(News release) - Partnership for Commonsense Justice -- September 20, 2012 - A new study released this month indicates that Kentucky's legal climate is perceived as one of the worst in the nation by executives who influence decisions about where companies will create jobs.
As it has for all but two years since the U.S. Chamber's Institute for Legal Reform (ILR) began conducting surveys in 2002, Kentucky's judicial climate ranks in the bottom third of all the states. The 2012 survey ranks Kentucky 38th.
The ILR's 2012 State Liability Systems Survey explores how reasonable and balanced state tort liability systems are perceived by business leaders.
“We have a lot of strikes against us when we are trying to convince companies to bring jobs to Kentucky,” says Doug Alexander, executive director of the Partnership for Commonsense Justice, a non-profit association dedicated to promoting fairness and excellence in Kentucky's legal system. “The fact that business leaders perceive Kentucky's judicial climate as one of the worst in the nation is one of the biggest hurdles we have to overcome in economic development.”
In addition to the overall ranking, respondents were asked to give states a grade in each of the following areas: overall treatment of tort and contract litigation; having and enforcing meaningful venue requirements; treatment of class action suits and mass consolidation suits; damages; timeliness of summary judgment or dismissal; discovery; scientific and technical evidence; judges’ impartiality; judges’ competence; and juries’ fairness. They were also asked to give the state an overall grade for creating a fair and reasonable litigation environment. These elements were then combined to create an overall ranking of state liability systems.
The speed and efficiency of a state's legal process is one of the areas cited most frequently as influencing perception of a state's judicial climate and it is the area in which Kentucky received its lowest ranking (44th) among the ten specific areas measured.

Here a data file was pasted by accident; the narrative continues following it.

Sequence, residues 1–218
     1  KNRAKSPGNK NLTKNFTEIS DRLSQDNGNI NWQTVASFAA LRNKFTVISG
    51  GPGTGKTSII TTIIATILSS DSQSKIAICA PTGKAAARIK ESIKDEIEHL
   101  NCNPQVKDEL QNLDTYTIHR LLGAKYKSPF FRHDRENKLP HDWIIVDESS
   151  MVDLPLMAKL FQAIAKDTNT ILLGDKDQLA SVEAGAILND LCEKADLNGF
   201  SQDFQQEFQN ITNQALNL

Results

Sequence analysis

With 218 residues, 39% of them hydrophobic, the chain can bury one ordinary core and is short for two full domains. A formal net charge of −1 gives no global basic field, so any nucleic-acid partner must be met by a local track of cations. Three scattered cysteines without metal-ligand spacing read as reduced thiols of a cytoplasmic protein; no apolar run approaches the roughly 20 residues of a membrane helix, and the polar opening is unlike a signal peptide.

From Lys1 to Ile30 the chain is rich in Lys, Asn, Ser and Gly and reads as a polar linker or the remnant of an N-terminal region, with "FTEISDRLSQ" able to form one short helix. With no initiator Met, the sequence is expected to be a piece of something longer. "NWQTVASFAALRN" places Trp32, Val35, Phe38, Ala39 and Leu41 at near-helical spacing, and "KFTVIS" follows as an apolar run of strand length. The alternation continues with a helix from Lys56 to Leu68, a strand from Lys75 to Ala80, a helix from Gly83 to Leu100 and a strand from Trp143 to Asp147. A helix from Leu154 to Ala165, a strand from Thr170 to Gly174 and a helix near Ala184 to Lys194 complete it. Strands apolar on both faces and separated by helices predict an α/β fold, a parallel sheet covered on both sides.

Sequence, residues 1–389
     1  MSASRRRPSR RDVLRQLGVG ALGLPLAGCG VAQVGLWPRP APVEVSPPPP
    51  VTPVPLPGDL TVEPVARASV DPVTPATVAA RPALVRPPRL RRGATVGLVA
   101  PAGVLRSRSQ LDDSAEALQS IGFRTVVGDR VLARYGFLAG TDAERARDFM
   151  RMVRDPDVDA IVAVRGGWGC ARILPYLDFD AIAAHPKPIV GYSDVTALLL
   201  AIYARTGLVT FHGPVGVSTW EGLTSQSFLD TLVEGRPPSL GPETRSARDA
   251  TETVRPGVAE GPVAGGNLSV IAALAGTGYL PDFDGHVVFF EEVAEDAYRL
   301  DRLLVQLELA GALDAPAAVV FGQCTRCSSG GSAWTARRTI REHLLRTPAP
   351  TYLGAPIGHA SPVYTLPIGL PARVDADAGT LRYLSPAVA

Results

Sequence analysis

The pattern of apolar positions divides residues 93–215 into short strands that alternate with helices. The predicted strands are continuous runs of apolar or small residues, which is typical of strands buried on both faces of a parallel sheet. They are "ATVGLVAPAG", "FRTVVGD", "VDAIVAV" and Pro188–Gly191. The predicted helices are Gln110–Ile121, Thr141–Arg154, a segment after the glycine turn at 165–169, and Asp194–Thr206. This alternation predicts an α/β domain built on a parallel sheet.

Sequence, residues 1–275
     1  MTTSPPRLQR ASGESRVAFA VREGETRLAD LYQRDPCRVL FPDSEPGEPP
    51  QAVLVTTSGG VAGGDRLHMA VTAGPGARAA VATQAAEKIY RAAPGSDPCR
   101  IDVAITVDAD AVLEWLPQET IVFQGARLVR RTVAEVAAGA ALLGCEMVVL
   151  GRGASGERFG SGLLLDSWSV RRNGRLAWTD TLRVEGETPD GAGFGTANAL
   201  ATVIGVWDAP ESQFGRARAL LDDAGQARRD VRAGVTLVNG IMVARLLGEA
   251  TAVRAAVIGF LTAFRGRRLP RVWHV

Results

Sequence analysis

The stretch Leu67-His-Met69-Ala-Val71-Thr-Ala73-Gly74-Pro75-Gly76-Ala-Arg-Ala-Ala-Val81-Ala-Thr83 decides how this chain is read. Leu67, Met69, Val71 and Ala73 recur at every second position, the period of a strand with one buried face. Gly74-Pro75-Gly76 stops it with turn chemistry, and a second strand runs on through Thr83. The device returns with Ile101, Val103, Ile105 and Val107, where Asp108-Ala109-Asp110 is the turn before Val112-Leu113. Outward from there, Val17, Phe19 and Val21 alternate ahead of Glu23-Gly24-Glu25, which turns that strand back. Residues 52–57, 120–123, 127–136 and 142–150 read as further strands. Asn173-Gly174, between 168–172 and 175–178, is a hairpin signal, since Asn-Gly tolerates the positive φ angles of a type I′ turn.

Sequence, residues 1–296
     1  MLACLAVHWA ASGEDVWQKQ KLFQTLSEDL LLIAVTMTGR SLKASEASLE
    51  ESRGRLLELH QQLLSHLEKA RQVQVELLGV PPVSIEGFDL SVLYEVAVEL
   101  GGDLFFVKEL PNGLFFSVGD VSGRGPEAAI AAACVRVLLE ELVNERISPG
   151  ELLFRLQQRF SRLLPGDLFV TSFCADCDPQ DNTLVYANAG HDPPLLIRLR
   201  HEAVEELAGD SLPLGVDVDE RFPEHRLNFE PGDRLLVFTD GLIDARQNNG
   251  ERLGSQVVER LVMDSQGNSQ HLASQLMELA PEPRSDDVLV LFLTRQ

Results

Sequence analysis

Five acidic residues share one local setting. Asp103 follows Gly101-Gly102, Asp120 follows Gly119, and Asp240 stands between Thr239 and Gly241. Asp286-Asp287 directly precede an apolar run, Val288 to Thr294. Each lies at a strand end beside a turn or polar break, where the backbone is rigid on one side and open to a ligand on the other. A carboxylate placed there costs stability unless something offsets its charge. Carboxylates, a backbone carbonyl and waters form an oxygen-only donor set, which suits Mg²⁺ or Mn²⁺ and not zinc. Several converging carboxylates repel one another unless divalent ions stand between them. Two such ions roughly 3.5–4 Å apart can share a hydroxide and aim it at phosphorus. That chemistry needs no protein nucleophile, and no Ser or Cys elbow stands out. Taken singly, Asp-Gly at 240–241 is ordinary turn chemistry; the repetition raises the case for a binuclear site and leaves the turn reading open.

Kentucky is also among a minority of states that does not have a state law that requires “clear and convincing” evidence of wrongful conduct to support damage awards. A decision in 1988 by the Kentucky Supreme Court which invalidated such a law may be a significant factor contributing to an increase in the number of lawsuits filed in Kentucky over the last several years.
The American Bar Association and the United States Supreme Court have encouraged states to adopt the clear and convincing standard.
Kentucky is feeling the affects of a legal system perceived to be inefficient. Extendicare Health Services, one of Kentucky's largest providers of long-term care, announced in May that it is leaving the state citing “the combination of a worsening litigation environment and the lack of any likelihood of tort reform” as the principle factor.
Participants in the survey were drawn from a national sample of 1,123 in-house general counsel, senior litigators or attorneys and other senior executives at companies with at least $100 million in annual revenues. Seventy percent of those responding reported that a state's litigation environment is likely to impact important business decisions at their companies.
The ILR study can be downloaded at http://www.instituteforlegalreform.com/sites/default/files/lawsuit-climate/17834_FinalWeb_PDF.pdf.